Scientists eavesdrop on fish chatter

By Troy Douglas 5 August 2010
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Perth researchers are recording the vocalisations of a range of native fish.

BY EAVESDROPPING ON THE ETHEREAL songs of whales and dolphins, scientists have learnt much about their behaviour. Now experts are turning their attention to the sounds of fish. Deciphering such chatter could help estimate population numbers and mating behaviours, researchers from Curtin University in Perth announced this week.

Scientists already knew that some fish communicate with sound, but discovering new choruses is cause for excitement, says lead researcher and marine biologist Miles Parsons. “These sounds are definitely interesting. The number of different calls and sounds produced by fish is amazing.”

More than 300 species of fish are believed to vocalise, says Miles – mostly at a lower frequency compared with other marine creatures such as dolphins, which click and whistle, but at a higher frequency than blue or humpback whales.


Many fish use their sonic muscle, which runs the length of the body, to vibrate their adjacent swim bladder. This creates a drum roll sound. But for mulloway, their sonic muscle twitches so quickly that the sound resembles the pulsating croaks of frogs.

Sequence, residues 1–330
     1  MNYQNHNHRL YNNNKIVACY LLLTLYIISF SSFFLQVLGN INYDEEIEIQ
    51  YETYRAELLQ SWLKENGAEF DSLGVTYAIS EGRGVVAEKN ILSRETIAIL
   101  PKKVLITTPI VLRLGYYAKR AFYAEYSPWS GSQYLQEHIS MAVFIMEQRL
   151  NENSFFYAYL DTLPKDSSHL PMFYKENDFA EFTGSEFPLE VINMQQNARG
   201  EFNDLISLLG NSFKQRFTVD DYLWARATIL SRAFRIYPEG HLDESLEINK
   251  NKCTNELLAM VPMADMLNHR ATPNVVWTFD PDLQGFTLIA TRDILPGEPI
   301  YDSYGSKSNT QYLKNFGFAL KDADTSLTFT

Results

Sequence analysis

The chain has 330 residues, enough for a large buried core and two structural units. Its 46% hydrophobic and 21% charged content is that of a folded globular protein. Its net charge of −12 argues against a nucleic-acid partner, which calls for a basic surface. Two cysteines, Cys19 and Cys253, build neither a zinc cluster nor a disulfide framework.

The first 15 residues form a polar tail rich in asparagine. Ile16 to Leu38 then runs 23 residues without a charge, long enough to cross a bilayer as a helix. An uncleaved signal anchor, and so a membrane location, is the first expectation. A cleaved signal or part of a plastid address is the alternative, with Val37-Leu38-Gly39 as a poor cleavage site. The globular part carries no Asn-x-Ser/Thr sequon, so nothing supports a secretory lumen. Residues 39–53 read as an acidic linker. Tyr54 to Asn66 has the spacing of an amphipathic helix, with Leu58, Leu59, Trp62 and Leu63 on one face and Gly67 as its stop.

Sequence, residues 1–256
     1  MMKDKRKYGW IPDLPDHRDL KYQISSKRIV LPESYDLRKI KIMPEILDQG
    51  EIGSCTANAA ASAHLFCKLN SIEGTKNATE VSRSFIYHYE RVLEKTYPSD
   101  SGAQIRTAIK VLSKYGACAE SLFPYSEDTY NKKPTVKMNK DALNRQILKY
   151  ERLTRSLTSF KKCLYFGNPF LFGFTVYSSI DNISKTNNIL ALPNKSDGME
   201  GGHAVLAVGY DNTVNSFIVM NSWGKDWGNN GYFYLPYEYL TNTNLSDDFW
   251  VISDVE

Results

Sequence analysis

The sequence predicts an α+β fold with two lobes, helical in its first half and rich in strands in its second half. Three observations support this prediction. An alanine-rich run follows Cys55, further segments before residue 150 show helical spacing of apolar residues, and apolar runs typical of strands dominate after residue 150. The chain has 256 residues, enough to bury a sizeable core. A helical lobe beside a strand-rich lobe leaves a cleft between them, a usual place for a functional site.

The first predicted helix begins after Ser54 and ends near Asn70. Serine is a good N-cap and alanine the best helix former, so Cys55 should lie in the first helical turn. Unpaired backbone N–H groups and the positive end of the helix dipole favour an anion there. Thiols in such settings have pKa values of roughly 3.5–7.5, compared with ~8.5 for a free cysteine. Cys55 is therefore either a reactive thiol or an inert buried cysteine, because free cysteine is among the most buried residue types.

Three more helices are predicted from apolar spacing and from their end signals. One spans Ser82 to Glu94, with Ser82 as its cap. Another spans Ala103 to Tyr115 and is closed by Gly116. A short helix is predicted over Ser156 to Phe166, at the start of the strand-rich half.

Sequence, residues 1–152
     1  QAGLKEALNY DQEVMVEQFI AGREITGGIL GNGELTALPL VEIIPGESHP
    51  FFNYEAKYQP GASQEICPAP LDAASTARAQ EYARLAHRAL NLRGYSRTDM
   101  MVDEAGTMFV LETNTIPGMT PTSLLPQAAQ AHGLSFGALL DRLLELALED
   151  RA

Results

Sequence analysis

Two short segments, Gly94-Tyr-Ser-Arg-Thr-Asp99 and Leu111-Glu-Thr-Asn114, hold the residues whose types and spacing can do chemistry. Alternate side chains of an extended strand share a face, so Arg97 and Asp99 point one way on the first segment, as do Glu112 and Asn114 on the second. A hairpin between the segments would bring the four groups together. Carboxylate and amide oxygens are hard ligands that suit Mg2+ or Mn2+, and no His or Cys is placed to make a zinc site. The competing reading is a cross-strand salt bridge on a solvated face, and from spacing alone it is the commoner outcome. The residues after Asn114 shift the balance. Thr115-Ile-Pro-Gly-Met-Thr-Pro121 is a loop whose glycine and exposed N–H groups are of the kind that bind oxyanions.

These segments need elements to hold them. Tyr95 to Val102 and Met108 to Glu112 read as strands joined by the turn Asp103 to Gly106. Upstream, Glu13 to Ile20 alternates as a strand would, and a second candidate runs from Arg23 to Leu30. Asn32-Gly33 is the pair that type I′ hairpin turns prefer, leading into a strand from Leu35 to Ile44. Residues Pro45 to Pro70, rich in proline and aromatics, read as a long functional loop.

Listen to the sounds of a mulloway  

Miles and colleagues plan to deploy new underwater recorders, to listen in on the sounds of commercial species such as mulloway (or jewfish), in WA’s Swan River and Blackwood River.

“Technology has advanced such that near-continuous recording of sound can be made remotely for periods of months to years,” he says. “For mulloway, it would be great to get to an assessment of actual numbers… in terms of dhufish, if I could record them making a sound I’ll be bouncing off walls.”

The researchers aim to determine what triggers specific calls and predict where and when spawning will occur. Recordings in different locations can be used to identify conditions which favour reproduction, and establish which spawning grounds should be protected.


The study will extend previous research on mulloway and focus on other
commercially important seafood species. These include snapper, black
bream and the poorly understood dhufish. Miles adds that the technique is significant in that it doesn’t interfere with the fish, particularly the mulloway, which can be susceptible to handling stress. Current methods for assessing fish populations require tagging and recapturing.

Professor Geoff Jones, a marine biologist at James Cook University in Townsville, applauds the non-intrusive technique: “It will definitely help in understanding how sound is used to communicate and will work on almost any kind of marine fish.”

He hopes that the research will be used to understand other aspects of behaviour such as how coral reef fish use sounds to find habitat.